I. Sound Insolation
IIa−IIc Normal sound enclosure with reduced air gaps
IIIa-IIIb Double walled enclosures with very reduced air gaps


Sound absorption coefficients

The values given for the individual silencer types are approximate values which may have significant deviations due to flow turbulence or larger than expected gaps. A tolerance must therefore always be expected, depending on the application.


Dimension sheets

The dimensions of our standard silencers (cylindrical and rectangular silencers) can be found at the end. Principle diagrams of the type A and B sound enclosures are also shown.


Apart from the shown types and dimensions we also manufacture a large number of customized silencers. Please inquire of the need arises.



The selection of a silencer can best be demonstrated by using an example. The method can be used irrespective of whether a cylindrical silencer, rectangular silencer or an enclosure needs to be dimensioned.




A discharge attenuator is required to reduce fan noise to 85 dB(A) at 1 metre.

The Oktavband values of the fan are*:

Oktave band Hz 64 125 250 500 1k 2k 4k 8k
Sound power level 108 108 109 115 106 105 100 95

Volume flow rate is 0,97 m3/s

Maximum pressure loss through attenuator to be 125 Pa (N/m2)

*From Sound calculation, e. g. from Witt & Sohn Fan Selection Program

Step 1

Determine the attenuator insertion loss from SWL and target noise level

Oktave band Hz 63 128 250 500 1k 2k 4k 8k
Fan sound pressure level dB 108 108 109 115 106 105 100 95 (1)
A-Rating dB -26 -16 -9 -3 0 +1 +1 -1 (2)
Sound pressure in 1m dB -8 -8 -8 -8 -8 -8 -8 -8 *(3)
Target 85 dB (a) dB -80 -80 -80 -80 -80 -80 -80 -80 **(4)
Approx. insertion loss of the damper dB - 4 12 24 18 18 13 6 (1)+(2+3+4)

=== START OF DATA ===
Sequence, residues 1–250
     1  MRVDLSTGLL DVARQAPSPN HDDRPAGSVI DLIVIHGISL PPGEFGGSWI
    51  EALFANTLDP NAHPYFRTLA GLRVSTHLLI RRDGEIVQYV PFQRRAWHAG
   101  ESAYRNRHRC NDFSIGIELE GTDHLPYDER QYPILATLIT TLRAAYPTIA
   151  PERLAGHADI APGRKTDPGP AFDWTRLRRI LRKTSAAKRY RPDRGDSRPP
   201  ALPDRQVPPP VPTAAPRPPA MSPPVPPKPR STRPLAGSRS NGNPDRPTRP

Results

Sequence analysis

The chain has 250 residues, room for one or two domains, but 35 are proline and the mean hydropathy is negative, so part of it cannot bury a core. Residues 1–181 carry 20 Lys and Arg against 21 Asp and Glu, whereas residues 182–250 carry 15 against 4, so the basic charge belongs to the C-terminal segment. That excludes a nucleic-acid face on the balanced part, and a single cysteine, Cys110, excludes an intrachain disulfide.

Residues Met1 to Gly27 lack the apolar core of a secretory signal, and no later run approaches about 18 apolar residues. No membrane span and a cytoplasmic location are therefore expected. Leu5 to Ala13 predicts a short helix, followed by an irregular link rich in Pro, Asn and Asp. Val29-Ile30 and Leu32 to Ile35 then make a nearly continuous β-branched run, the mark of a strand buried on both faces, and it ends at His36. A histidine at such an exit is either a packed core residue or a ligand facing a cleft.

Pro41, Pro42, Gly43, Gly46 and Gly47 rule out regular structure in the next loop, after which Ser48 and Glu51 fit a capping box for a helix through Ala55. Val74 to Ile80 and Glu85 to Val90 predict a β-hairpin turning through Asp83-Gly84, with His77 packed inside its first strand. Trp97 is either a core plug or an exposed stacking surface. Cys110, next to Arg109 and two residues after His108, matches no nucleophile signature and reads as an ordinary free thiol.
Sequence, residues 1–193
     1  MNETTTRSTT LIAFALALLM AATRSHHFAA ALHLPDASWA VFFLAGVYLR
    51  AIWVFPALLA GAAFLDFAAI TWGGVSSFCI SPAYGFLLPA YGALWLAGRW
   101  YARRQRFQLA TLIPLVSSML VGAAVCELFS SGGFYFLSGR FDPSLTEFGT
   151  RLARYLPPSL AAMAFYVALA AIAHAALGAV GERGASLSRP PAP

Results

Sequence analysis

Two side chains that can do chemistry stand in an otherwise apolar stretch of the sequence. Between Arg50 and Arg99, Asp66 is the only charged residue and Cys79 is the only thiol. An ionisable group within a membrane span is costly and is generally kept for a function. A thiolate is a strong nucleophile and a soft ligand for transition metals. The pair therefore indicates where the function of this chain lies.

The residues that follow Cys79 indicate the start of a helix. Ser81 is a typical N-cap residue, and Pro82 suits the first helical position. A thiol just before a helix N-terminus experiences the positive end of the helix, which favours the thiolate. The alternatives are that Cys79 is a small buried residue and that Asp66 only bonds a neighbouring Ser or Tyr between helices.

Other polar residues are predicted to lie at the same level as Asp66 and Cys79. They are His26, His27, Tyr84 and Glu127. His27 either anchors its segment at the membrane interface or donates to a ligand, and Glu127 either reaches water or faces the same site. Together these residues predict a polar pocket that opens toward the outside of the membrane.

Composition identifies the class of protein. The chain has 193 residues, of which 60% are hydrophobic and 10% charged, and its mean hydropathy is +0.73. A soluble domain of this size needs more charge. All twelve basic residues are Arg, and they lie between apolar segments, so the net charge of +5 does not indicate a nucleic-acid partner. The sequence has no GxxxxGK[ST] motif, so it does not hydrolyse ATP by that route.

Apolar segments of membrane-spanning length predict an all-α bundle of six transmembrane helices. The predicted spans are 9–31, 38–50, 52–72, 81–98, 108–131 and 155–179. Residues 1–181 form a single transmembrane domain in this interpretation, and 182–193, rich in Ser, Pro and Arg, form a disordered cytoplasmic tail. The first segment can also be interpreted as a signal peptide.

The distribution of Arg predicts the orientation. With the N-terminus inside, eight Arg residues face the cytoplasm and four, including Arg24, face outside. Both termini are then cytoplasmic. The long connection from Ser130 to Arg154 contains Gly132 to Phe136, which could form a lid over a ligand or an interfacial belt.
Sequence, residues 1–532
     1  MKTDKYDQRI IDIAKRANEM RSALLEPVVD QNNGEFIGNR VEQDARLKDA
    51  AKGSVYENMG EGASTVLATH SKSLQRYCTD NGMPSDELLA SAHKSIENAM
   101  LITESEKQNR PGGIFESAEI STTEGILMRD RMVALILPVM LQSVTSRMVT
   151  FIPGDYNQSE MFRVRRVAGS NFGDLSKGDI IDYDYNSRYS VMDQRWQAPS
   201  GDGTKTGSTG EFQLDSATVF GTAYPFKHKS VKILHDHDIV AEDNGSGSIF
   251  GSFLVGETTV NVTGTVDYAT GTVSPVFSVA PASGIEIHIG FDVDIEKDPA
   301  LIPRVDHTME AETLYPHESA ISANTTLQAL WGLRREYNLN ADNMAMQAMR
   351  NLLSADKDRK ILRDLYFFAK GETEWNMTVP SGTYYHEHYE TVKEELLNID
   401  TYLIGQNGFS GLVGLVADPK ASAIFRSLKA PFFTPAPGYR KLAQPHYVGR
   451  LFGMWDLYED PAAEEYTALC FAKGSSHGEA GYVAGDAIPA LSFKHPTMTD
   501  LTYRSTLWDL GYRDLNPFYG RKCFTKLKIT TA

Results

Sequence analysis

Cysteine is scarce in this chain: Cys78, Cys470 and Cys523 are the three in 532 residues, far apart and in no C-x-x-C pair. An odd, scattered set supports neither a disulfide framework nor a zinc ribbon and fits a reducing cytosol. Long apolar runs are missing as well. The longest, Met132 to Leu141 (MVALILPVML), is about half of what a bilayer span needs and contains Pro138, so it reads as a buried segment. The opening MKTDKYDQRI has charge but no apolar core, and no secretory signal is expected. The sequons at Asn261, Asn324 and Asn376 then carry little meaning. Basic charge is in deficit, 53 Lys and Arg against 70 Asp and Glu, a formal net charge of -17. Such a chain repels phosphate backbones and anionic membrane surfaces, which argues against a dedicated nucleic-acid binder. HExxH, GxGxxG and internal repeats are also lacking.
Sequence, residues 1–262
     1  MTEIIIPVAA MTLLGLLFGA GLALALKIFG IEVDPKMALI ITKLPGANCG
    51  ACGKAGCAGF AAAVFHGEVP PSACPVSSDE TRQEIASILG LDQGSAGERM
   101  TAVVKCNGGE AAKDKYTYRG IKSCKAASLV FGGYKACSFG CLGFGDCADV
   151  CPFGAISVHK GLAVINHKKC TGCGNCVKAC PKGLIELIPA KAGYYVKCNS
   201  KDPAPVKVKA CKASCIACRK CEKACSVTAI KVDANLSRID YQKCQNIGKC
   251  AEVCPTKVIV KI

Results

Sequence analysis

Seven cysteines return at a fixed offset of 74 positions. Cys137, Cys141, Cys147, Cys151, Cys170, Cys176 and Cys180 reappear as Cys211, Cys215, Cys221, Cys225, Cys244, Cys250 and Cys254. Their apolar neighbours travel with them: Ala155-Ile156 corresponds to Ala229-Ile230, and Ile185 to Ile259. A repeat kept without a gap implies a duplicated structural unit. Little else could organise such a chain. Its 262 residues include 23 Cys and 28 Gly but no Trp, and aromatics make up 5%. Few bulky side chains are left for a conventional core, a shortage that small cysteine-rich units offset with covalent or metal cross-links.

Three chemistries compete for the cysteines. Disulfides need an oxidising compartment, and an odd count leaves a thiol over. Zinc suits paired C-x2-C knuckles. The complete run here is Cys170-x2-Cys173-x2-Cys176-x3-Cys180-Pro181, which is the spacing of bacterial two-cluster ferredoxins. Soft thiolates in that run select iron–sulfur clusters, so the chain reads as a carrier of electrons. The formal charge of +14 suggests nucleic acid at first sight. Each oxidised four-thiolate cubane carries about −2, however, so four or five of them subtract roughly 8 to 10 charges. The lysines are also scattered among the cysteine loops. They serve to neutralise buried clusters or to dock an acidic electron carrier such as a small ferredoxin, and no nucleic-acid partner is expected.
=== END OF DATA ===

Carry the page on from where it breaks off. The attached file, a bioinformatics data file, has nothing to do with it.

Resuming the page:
*Assumes free field conditions (no reflections from the wall) over a hemisphere

**As a guideline: 5 dB less than the target noise level in each oktavband

Step 2

Select attenuator to achieve the required insertion loss

Oktave band Hz 64 125 250 500 1k 2k 4k 8k
Required insulation dB - 4 12 24 18 18 13 6
Insertion loss of type 364 dB 5 8 16 24 29 26 18 16

Step 3

Checking that the attenuator insertion loss meets the target noise level

Oktave band Hz 64 125 250 500 1k 2k 4k 8k
Fan sound pressure level dB 108 108 109 115 106 105 100 95
A-Rating dB -26 -16 -9 -3 0 +1 +1 -1
Sound pressure in 1m dB -8 -8 -8 -8 -8 -8 -8 -8
Insertion insulation dB -5 -8 -16 -24 -29 -26 -18 -16
A-weighted sound pressure 1m dB 69 76 76 80 69 72 75 70

Total sound level 84 dB(A) according to the normal addition of sound values


Step 4

Determine attenuator cross section to meet the pressure loss requirement


A maximum of 125 Pa pressure loss was specified. The 'K' factor from attenuator insertion loss tabe − for 364 it is 5.9. From the rectangular attenuator pressure loss graph follow the diagonal 'K' factor line equivalent to 5.9 till it meets the 125 N/m2 (horizontal) pressure drop line. From this point go vertically down the graph to the attenuator face velocity in m/sec. In this example, 5.8 m/sec. An attenuator cross section can now be calculated from the required face velocity of 5.8 m/sec and the air volume at 0,97 m3/sec. The (minimum) cross-sectional area in this example is therfore 0,97/58%nbsp;m2 = 0,167 m2.


For a cylindrical attenuator this can be seen directly for the graphs for CPA-1/CPA-2D below.